I don't see many trick plays being called. Fake field goals wouldn't work cause everyone knows our kicking is awful. End arounds aren't really trick plays in this offense, we've ran a few the last couple years.

An unexperienced team like this, trick plays just don't seem to be worth the risk. When things are running fine, this offense will destroy anyone. I could see a reverse or a pitch back to Denard on a sweep or bubble screen to try to break the offense out of some struggles, but that would probably be it. 

brandank

October 20th, 2010 at 11:18 AM ^

but what happened to the play where Denard fakes the QB iso and throws it to Roundtree? That play was there EVERY time, it was absent against MSU and Iowa.

mGrowOld

October 20th, 2010 at 11:48 AM ^

You mean other than that new fangled hellfire spread offense he seems so gosh-durned intent on running? The one with his players running thisaway and thataway all willy-nilly down the dad-gummed field?

No.

Tacopants

October 20th, 2010 at 11:49 AM ^

I dislike trick plays.  It usually requires introducing new concepts in practice that eat away time for a play that you can run once, maybe twice, before its rendered completely useless.  That's practice time that you can use to actually introduce plays that can be run over and over again in the course of a season.

Something like a HB Pass takes at least 10-15 initial reps to get everybody on the same page and performing at an acceptable level.  Then you probably practice 5 or so reps of it a week in order to maintain familiarity.  That's a big investment to make on a play that is only halfway surprising to any defense.  That's also time you don't spend adding a new wrinkle to your base offense, like the midline or veer option.

Magnus

October 20th, 2010 at 2:19 PM ^

I'm not a huge fan of trick plays, either.

However, in the first-hand experience I have of being involved with trick plays (playing and coaching), the practice time needed for their sufficient execution isn't really that outsized.  From what I've found, all the players are so excited about running something different that they catch on to WHO they should block and WHAT they should do pretty quickly.

Now, we might run an I-formation iso play 5 times each practice and then run it 12 times a game...and we might go over the trick play 2 times in a practice and use it only once the entire season.  That may seem like a waste of time, but if it works in a game and gives you the points/momentum you need to win even one game, then I'd say it's worth it.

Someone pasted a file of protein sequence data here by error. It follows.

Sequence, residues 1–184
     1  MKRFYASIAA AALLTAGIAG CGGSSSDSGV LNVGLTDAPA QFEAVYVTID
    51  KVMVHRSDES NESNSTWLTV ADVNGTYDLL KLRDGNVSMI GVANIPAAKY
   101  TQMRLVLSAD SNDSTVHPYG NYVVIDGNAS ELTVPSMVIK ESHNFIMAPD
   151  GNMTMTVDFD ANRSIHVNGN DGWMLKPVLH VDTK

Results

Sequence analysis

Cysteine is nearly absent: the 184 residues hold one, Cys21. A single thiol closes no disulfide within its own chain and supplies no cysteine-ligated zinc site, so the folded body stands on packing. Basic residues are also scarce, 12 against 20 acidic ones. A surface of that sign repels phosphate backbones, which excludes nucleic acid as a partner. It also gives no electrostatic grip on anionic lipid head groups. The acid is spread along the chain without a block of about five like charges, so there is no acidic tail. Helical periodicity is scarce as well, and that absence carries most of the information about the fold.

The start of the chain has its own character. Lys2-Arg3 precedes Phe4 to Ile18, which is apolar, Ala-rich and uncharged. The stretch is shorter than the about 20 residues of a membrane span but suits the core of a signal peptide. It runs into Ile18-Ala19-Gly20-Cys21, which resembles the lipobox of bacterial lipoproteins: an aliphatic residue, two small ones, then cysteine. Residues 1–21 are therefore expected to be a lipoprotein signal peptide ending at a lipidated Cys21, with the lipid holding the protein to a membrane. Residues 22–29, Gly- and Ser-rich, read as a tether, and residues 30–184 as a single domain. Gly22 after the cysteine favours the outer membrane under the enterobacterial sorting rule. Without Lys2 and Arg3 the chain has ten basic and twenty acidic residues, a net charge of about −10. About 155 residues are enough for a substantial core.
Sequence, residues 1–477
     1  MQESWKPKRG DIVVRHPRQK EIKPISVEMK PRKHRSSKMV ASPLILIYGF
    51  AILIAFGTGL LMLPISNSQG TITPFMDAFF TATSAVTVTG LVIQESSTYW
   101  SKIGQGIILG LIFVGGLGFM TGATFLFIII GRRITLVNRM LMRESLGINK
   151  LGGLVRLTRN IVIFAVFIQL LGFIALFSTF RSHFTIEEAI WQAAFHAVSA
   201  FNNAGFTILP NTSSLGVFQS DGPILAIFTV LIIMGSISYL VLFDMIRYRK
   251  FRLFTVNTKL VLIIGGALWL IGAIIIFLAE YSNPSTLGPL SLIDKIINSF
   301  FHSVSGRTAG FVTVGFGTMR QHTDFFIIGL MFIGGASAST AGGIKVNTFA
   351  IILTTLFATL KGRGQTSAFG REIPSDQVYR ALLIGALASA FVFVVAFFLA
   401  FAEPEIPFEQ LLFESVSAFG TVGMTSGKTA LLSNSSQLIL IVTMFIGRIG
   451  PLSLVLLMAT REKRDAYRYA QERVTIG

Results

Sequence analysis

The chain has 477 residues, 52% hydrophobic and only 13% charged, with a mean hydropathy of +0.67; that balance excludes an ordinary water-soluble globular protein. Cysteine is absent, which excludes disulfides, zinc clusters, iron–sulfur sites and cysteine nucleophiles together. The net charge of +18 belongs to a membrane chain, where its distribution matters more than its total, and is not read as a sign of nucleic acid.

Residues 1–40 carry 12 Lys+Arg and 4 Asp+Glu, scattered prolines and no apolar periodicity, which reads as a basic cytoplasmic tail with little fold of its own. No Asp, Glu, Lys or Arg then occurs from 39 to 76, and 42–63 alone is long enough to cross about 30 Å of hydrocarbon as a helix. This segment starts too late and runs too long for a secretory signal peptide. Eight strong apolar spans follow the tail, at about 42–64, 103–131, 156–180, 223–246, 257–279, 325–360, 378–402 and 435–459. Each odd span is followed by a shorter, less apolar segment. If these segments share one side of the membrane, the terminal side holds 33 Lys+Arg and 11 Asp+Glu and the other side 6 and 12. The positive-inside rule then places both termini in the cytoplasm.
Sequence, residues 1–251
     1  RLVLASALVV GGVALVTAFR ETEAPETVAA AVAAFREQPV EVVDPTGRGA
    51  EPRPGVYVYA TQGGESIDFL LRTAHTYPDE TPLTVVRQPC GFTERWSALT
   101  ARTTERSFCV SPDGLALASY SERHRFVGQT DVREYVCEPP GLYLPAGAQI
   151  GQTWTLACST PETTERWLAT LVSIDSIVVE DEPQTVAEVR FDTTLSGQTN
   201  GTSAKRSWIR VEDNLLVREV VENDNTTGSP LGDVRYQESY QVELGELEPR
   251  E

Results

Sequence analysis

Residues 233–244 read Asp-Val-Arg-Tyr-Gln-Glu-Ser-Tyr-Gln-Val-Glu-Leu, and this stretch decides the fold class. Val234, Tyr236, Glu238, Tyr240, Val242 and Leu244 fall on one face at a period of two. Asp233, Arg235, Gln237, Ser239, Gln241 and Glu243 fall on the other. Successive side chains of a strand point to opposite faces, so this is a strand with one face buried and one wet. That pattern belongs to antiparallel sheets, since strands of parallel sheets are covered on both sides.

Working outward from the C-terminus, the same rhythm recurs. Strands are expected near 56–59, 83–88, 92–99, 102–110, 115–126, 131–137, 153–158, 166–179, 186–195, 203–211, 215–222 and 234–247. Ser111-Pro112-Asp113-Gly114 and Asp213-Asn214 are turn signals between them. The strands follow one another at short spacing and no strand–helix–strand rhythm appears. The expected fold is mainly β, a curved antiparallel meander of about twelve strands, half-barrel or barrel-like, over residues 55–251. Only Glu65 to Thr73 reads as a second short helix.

Dess

October 20th, 2010 at 1:26 PM ^

Take the trans-continental, but have both Tate and Denard lined up in the backfield. Denard gets the direct snap, fakes the handoff to Hopkins, keeps sweeping right then passes it back to Tate who went to the left. Denard then sprints out to join the receiving corps and Tate passes it to Denard who dilithiums for the TD.

ploys11

October 20th, 2010 at 3:46 PM ^

(I drew this up in paint, but don't know how to upload it)

Formation:

WR                       T  G  C  G  T                            WR

                                     TF RB                           DR   DG

 

On snap, Denard runs to Tate, where Tate fakes the handoff.  Tate then throws a screen to Devin (the running back and right wide receiver are blocking for Devin).  Devin then throws to Denard, who, after the fake handoff, went long down the left sideline.  The left wide receiver runs a post route (Devin could also throw to this reciever).  Touchdown.

NRK

October 20th, 2010 at 4:29 PM ^

Wouldn't mind seeing one everyone once in a while, but not a giant fant.

 

UCLA ran a great trick play a while back called "Disneyland" - Can't seem to find it anywhere. The QB would walk up like he was going to put his hands under center then would "see something in the defense" and audible. So he'd walk up and down the line "calling the audible" to his line. One of the things he says actually is the call to snap the ball to the RB. The RB then throws the ball to the WR streaking down the sidelines. The idea is that the defense is relaxed because the QB isn't under center and don't think the ball is going to be snapped. Obviously you need a RB (or someone where the RB would be) who could heave the ball.

Might not work great since we don't line up under center a ton, but was a good take on a trick play.